Real Talk with BRUNO GUILLORE Associate Artistic Director of the Hofesh Shechter Company based in London, England.

27.06.2016

When someone is being interviewed, they always put their best face forward. "Real Talk" is designed to help young dancers and professionals by providing them with the whole truth about the problems faced by artists...on stage and off.  Interview by Armando Braswell

 
© Photo by Jack Walters
 
Tell me about the job you do now?

I am the Associate Artistic Director of the Hofesh Shechter Company. My job is to keep the integrity of the artistic work. When I am not re-staging works of Hofesh on other companies, I am mostly working with our company full time. It is a lot of office work as well. A lot of planning, scheduling and thinking about where we want the company to be artistically, in the next years.

Something you have learned making the transition from dancer to Associate Director?

When you are a dancer everything is about you. About you getting the best information and doing the best with that information. When you go the other side nothing is about you. Everything is about the group. The first thing you have to become is a leader. You have to know how to motivate people... how to get the best out of them. There is a lot of psychology in it also. Some people need the stick, some people need the carrot. I try to understand how they work and get the best out of our team. It is like suddenly you are serving a group and it is not about you.

„Human sheep“ Bruno Guillore © Jack Walters

Could you describe the style of a Hofesh Shechter ballet in words?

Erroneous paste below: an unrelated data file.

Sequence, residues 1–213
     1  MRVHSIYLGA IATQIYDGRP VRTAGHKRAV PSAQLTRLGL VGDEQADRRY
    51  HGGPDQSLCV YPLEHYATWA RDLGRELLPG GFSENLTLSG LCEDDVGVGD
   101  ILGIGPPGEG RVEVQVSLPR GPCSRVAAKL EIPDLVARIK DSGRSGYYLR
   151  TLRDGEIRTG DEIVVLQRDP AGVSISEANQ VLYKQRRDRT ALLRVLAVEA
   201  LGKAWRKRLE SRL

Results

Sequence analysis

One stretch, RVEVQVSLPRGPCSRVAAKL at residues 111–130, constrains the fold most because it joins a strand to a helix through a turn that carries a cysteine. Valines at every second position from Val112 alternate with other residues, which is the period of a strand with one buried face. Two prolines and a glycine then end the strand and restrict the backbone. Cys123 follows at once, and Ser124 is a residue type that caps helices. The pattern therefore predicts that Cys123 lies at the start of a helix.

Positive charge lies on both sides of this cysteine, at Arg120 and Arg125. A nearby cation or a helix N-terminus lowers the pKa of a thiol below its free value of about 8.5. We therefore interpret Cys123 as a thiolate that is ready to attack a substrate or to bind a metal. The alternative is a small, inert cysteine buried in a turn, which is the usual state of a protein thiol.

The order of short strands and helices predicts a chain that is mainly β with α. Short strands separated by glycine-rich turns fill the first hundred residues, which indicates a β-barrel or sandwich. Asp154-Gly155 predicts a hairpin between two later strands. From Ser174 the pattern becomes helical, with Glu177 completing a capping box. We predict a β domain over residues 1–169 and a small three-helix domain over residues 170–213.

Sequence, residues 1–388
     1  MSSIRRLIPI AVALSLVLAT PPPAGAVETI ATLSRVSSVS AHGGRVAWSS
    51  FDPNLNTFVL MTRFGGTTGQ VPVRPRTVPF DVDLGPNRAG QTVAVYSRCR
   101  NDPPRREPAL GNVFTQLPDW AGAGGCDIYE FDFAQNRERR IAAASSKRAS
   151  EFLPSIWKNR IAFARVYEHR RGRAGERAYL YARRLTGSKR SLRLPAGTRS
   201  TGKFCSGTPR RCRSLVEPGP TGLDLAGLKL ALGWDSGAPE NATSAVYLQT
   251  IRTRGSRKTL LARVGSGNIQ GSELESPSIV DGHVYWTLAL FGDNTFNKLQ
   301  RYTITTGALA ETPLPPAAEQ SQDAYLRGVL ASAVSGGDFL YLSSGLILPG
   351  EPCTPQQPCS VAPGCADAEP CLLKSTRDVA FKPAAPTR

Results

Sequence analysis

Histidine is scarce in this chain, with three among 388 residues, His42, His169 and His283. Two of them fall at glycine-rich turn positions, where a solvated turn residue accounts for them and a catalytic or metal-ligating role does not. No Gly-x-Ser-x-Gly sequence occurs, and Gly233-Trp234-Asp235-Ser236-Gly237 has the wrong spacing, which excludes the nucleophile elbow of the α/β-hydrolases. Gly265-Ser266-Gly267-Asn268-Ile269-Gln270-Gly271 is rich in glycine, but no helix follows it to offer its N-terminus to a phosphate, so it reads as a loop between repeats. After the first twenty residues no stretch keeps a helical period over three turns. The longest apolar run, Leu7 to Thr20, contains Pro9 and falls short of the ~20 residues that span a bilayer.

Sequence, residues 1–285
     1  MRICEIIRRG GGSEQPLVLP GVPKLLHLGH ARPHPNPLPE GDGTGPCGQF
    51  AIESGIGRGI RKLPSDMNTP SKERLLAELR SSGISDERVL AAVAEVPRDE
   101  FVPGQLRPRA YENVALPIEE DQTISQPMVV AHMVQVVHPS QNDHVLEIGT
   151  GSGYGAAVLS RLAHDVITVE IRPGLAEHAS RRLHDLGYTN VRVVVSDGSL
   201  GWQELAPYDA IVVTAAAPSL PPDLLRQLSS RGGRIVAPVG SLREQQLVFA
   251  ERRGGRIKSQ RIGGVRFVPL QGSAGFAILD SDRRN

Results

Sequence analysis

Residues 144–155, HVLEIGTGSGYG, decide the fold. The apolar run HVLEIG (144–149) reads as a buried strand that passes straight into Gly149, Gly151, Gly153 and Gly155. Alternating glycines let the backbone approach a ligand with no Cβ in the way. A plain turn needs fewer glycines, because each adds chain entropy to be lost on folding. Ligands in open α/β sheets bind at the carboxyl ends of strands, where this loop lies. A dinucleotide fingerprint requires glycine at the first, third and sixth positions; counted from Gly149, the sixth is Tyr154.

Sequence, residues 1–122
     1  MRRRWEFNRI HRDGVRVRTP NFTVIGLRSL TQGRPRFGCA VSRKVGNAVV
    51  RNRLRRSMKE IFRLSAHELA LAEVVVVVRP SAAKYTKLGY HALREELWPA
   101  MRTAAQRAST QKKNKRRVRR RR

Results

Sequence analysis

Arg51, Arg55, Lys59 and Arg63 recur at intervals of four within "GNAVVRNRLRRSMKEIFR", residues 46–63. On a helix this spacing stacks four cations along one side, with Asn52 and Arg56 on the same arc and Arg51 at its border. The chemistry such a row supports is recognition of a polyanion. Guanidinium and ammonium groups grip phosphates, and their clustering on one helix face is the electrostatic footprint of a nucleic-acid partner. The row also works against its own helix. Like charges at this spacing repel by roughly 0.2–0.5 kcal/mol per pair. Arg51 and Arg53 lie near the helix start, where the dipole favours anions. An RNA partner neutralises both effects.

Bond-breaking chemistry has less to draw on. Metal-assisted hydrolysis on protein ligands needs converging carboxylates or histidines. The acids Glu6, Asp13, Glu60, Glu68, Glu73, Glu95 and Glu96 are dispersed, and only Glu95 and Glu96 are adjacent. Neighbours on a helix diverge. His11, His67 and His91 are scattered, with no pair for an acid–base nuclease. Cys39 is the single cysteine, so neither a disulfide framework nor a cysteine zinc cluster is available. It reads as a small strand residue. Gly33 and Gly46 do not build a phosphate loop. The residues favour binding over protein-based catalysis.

It looks very instinctive, even if it’s really planned and worked out. I think there is a brew in place where instinct is king. It's exciting, very musical and very groovy. He is a drummer so he creates most of the music himself. There is a real connection between the dance and the movement. It is complex and crafted, but there is a side of it that feels hand made. It's not a super sleek cold world...not very clean.  It is almost as if someone took a screwdriver and made this with their hands. A kind of like this raw place. Don't misunderstand me, it is not messy at all. When you know the structure it is very organized. An organized chaos. I think for the public it can be quite violent... in your face. I think if you come on the wrong day you might not connect with the pieces emotionally. On another day it will take you on a roller coaster of emotions.

What types of dancers do you like?

We are looking for people who are physically extremely able. A good improviser. That can really connect to the emotions, therefore the audience. The mixture is very difficult to find. Sometimes you find someone who is amazing theatrically but then they struggle with the material. Sometimes people are really great at making the material, but they are poor improvisers. To find some who has it all, is very difficult.

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